“I’m not,” said Lyne, his hand coming to rest on Eli’s shoulder, fingers curling around the backpack strap. “We have an obligation to science, Mr. Cardale. The research must continue. And discoveries of this magnitude must be shared. Stop being so selfish.”
Lyne gave a sharp tug on the bag, but Eli stood his ground, and before he knew what was happening, the two men were fighting over the backpack. Eli shoved Lyne off him and up against the railing, and somewhere in the struggle, Lyne’s elbow met Eli’s lip hard, splitting it. Eli wiped the blood away and ripped the bag from Lyne’s grip, tossing it to the side only to realize that Lyne had stopped fighting for it. The professor stood, eyes wide, and Eli felt before he saw in Lyne’s eyes what was happening. The skin of his lip knit cleanly back together.
“You…” Eli saw Lyne’s expression shift from shock to glee. “You did it. You’re one of them.” He could already see the experiments, the papers, the press, the obsession. “You’re an—”
Lyne didn’t get a chance to finish, because at that moment, Eli gave him a sharp shove backward, down the stairs. The word was drawn out into a short cry, then cut off sharply by the first of several thuds as Lyne’s body tumbled down the steps. He hit the bottom with a crack.
Eli stared down at the body, willing himself to feel horrified. He didn’t. There it was again, that gap between what he knew he should feel and what he did, mocking him as he looked down at Lyne. Eli wasn’t sure if he’d meant to push the professor down the stairs, or if he’d only meant to push him away, but the damage was done now.
“It was Victor’s idea, putting the theory to the test,” he found himself saying as he descended the steps. “The method took some tweaking, but it worked. That’s why I know this has to stop.” Lyne twitched. His mouth opened, made a sound between a groan and a gasp. “Because it works. And because it’s wrong.” Eli stopped at the base of the stairs beside his teacher. “I died begging for the strength to survive, and it was granted. But it’s a trade, Professor, with God or the devil, and I’ve paid for my gift with the lives of my friends. Every EO has sold a part of themselves they can never have back. Don’t you see?” He knelt beside Lyne, whose fingers twitched. “I can’t let anyone else sin so heinously against nature.” Eli knew what he had to do, felt it with a strange and comforting certainty. He brought one hand almost gently under Lyne’s jaw, the other cradling his chin. “This research dies with us.”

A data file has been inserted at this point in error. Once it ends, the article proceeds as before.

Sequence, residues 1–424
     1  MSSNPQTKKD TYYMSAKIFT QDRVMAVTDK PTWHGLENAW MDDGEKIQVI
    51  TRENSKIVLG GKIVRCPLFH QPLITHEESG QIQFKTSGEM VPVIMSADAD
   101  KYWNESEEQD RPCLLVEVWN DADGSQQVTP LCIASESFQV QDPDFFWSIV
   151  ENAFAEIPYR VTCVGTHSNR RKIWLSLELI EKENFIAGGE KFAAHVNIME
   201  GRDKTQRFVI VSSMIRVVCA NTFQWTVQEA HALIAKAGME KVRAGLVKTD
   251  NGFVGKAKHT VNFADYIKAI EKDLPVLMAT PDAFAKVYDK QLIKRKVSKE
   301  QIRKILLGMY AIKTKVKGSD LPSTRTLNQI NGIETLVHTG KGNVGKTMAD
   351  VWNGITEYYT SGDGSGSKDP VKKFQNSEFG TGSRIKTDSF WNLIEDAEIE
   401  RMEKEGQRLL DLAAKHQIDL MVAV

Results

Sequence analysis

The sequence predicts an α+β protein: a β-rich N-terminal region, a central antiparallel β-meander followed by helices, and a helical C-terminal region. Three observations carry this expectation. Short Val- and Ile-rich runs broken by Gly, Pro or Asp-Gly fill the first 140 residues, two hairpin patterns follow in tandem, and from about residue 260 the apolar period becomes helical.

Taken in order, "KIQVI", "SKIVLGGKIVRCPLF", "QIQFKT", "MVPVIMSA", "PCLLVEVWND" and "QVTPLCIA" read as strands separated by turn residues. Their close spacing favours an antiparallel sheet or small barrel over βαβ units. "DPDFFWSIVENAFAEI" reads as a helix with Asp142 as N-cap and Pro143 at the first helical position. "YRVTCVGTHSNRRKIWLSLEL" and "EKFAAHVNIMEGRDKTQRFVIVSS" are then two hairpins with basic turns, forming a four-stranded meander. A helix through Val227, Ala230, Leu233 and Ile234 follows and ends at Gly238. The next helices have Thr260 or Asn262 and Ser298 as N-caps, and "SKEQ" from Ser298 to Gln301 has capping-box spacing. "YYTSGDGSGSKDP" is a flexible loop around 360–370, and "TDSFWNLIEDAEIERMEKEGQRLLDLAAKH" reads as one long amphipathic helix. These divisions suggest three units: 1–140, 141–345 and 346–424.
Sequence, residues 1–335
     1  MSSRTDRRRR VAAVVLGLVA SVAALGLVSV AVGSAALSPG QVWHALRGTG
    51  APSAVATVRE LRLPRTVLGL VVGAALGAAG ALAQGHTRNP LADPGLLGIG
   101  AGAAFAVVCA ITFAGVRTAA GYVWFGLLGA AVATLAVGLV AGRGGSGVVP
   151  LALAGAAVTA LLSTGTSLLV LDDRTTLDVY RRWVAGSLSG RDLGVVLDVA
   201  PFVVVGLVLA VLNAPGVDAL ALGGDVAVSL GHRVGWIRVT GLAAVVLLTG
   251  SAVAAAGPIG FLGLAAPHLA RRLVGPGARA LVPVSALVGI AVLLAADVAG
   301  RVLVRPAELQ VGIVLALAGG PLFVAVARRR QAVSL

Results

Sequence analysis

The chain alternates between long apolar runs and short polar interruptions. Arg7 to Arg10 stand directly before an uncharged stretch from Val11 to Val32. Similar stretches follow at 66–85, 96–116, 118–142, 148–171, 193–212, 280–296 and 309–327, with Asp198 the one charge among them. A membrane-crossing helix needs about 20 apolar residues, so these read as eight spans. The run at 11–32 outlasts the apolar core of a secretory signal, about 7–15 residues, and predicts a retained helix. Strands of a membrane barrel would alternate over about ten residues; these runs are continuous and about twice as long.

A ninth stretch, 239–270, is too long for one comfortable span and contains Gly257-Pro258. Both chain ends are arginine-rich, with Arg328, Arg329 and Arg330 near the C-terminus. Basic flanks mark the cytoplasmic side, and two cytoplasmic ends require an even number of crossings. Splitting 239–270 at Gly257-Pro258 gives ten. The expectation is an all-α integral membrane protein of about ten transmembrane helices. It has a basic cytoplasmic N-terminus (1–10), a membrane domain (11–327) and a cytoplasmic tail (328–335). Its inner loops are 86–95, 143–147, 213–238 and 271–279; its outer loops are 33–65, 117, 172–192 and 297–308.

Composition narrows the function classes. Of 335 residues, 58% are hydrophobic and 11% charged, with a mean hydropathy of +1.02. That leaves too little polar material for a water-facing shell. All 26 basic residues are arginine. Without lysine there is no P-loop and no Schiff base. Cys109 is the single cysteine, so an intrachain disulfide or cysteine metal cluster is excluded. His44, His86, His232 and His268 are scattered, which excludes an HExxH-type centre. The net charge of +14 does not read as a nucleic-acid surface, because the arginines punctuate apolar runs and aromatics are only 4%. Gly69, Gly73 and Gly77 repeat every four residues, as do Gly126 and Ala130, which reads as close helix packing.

With that, he twisted sharply.
“Well,” said Eli softly. “With you.”
Lyne’s eyes emptied and Eli set his head gently back against the ground, sliding his fingers free as he stood. There was a moment of such perfect quiet, the kind he used to feel in church, a sliver of peace that felt so … right. It was the first time he’d felt like himself, like more than himself, since he’d come back to life.
Eli crossed himself.
Then he made his way back up the stairs, pausing a moment to consider the body, bent, neck broken in a way that looked believable considering the fall. The coffee had tumbled with the professor, and left a trail down the steps, the shattered cup beside his shattered body. Eli had been careful not to step in the liquid. He wiped his hands on his jeans, and retrieved the backpack from the landing, but couldn’t bring himself to leave. Instead he stood there, waiting, waiting for the sense of horror, the nausea, the guilt, to come up to meet him. But it never came. There was only quiet.